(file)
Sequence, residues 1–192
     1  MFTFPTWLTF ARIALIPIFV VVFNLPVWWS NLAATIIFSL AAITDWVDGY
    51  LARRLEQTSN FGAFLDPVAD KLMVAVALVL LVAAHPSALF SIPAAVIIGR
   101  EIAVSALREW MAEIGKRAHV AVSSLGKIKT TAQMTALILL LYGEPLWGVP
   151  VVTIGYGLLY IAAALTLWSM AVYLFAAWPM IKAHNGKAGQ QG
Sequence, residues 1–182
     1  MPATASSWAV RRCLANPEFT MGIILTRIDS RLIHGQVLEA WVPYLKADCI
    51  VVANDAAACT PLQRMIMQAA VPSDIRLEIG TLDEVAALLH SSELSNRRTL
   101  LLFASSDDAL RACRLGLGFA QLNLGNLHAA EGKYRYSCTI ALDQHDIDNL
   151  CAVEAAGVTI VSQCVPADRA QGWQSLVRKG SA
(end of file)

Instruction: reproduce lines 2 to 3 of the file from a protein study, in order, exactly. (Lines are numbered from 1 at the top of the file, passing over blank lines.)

     1  MFTFPTWLTF ARIALIPIFV VVFNLPVWWS NLAATIIFSL AAITDWVDGY
    51  LARRLEQTSN FGAFLDPVAD KLMVAVALVL LVAAHPSALF SIPAAVIIGR